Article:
Michael Douglas is really good at being bad. He perfected it in his Oscar-winning “Wall Street” role as high stakes scammer Gordon Gekko, which he has repeated in his much-anticipated “Wall Street 2: Money Never Sleeps.”
But while we wait for the big “Money,” Douglas has surfaced with a low-budget gem, “Solitary Man.” Here, he is a scaled-down Gekko in Ben Kalmen, a bad-news businessman, whom Douglas also portrays to perfection.
Divorced and trying to reverse a major financial nosedive, Kalmen was once known as “the tristate area’s only honest car salesman.” That was then. This is now. Kalmen is still “honest,” in that he is forthright in his near-psychotic determination to “screw” everything and everyone in sight, particularly young women, a third his age. One is the 18-yearold Allyson Karsch (Imogen Poots), the daughter of his current girlfriend, Jordan Karsch (Mary-Louise Parker), as well as the daughter of a zoning official, essential to a pending Kalmen auto dealership deal.
Kalmen escorts Allyson to his college alma mater where, after a tussle with a security guard, he introduces her to his former friend, the dean, for an acceptance interview. Ben then parties with naïve student Daniel Cheston (Jesse Eisenberg), ogling co-eds before finding his way back to Allyson, who soon finds herself in his bed.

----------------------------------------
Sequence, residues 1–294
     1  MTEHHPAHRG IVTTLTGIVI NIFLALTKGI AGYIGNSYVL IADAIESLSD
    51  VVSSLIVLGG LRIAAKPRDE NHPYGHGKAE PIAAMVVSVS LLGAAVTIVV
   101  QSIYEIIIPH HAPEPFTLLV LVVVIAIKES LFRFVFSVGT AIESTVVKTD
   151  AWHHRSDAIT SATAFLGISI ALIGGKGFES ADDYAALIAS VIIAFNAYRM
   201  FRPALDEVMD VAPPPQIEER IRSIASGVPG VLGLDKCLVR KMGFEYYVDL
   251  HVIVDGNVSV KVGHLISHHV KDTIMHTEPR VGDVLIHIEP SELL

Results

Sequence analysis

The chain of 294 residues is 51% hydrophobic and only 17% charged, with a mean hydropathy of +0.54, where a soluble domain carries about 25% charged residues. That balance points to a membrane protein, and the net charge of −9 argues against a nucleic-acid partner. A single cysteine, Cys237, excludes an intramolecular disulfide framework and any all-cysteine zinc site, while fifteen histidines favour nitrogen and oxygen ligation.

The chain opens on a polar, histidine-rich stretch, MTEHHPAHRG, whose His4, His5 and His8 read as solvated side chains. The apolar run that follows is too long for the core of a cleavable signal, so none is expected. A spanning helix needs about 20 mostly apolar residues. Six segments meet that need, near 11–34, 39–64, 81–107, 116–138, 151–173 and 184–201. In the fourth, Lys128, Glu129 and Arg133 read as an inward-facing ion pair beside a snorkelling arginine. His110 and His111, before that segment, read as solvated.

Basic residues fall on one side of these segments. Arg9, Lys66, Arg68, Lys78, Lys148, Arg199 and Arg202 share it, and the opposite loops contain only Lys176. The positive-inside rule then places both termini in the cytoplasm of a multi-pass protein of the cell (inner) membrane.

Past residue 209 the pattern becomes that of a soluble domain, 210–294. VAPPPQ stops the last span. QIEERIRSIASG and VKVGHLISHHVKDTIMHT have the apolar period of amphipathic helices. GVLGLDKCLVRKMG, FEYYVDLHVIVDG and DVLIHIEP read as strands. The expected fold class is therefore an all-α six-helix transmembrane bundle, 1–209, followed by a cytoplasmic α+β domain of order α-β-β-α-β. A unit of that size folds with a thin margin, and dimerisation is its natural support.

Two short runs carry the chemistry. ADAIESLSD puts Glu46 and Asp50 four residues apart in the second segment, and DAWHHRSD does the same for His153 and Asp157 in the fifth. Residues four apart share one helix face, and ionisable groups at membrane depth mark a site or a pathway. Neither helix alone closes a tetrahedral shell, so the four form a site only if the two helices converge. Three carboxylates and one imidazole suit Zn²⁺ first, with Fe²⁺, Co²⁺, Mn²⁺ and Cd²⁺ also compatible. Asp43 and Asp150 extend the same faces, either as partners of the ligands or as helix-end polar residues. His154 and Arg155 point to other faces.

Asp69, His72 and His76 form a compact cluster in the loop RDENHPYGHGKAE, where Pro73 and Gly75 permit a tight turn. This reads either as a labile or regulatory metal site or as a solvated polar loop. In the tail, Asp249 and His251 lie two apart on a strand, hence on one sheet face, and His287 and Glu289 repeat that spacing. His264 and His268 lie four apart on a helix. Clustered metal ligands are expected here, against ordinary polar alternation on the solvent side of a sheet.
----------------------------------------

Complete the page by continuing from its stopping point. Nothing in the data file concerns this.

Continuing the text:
Ben’s bad behavior knows no bounds. He eventually hurts just about everyone in his path, including himself. What’s amazing is how some maintain their affection for him, namely, his daughter, Susan (Jenna Fischer); college buddy, Jimmy Marino (Danny DeVito); and ex-wife, Nancy (Susan Sarandon). Nancy, in fact, offers to take him back, when she sees him sitting on a bench after hitting bottom with no place to go.
The only explanation is: movie-star charisma. How else do guys like Bad Blake (Jeff Bridges of “Crazy Heart”) and Hud (Paul Newman of “Hud”) and Ben Kalmen (Michael Douglas of “Solitary Man”) get away with it?